Subnetworks USE permission

When connecting a service project to the shared network, we recommend you grant the service project administrators compute.subnetworks.use permission (through the NetworkUser role) on one (or more) subnetwork(s) per region, such that the subnetwork(s) are used by a single service project.

This will help ensure cleaner separation of usage of subnetworks by different teams in your organization. In the future, you may choose to associate specific network policies for each subnetwork based on which service project is using it.

Subnetwork IP ranges

When configuring subnetwork IP ranges in the same or different regions, allow sufficient IP space between subnetworks for future growth. GCP allows you to expand an existing subnetwork without affecting IP addresses owned by existing VMs in the virtual network and with zero downtime.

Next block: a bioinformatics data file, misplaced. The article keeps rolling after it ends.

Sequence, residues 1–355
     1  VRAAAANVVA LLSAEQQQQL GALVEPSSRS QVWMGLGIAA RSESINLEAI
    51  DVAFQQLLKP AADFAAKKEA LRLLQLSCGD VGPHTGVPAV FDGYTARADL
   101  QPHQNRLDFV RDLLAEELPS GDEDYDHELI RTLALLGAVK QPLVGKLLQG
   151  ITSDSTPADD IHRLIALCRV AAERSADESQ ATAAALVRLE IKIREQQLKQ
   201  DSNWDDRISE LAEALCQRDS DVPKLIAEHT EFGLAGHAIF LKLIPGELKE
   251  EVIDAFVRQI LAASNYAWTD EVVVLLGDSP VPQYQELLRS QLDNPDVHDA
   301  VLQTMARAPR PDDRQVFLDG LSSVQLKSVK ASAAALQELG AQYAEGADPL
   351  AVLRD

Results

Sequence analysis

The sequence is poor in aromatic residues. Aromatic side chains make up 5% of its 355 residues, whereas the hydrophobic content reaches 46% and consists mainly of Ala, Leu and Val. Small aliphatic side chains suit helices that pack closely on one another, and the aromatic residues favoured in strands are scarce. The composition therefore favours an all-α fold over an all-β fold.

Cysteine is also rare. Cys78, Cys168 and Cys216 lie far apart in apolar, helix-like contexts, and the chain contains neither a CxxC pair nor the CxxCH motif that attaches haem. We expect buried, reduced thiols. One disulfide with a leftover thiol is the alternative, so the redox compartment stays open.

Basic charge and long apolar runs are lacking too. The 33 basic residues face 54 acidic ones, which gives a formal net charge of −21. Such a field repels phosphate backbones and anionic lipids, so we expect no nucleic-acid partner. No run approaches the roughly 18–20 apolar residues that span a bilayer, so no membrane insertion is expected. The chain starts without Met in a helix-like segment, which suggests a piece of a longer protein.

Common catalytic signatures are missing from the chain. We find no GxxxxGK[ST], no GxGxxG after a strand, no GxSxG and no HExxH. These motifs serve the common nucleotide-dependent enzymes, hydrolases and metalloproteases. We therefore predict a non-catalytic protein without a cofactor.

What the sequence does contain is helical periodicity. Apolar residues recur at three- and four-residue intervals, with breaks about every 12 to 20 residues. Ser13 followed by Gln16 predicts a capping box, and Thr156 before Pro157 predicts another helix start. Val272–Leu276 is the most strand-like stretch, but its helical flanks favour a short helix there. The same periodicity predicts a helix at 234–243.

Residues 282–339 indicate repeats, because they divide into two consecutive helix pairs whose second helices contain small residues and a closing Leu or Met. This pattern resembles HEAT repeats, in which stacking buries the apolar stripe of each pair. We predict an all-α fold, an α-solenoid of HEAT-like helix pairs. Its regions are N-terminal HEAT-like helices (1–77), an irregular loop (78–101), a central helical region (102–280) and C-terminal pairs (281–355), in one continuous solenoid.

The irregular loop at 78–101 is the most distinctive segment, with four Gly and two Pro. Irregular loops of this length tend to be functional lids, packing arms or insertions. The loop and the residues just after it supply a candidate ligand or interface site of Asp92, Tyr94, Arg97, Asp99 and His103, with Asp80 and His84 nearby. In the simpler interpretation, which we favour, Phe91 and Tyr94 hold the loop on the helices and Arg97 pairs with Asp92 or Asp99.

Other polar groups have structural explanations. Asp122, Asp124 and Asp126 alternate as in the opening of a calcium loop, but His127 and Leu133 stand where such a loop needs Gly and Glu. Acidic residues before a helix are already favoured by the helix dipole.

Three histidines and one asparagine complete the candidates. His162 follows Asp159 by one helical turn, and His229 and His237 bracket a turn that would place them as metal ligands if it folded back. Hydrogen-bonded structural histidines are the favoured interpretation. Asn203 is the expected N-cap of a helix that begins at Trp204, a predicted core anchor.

Shared VPC and folders

When using folders to manage projects created in your organization, place all host and service projects for a given shared VPC setup within the same folder. The parent folder of the host project should be in the parent hierarchy of the service projects, so that the parent folder of the host project contains all the projects in the shared VPC setup. When associating service projects with a host project, ensure that these projects will not move to other folders in the future, while still being linked to the host project.


Control external access

In order to control and restrict which VMs can have public IPs and thus access to the internet, you can now set up an organization policy that disables external IP access for VMs. Do this only for projects that should have only internal access, e.g. the personalization, recommendation and analytics services in the example above.

As you can see, Shared VPC is a powerful tool that can make GCP more flexible and manageable for your organization. To learn more about Shared VPC, check out the documentation.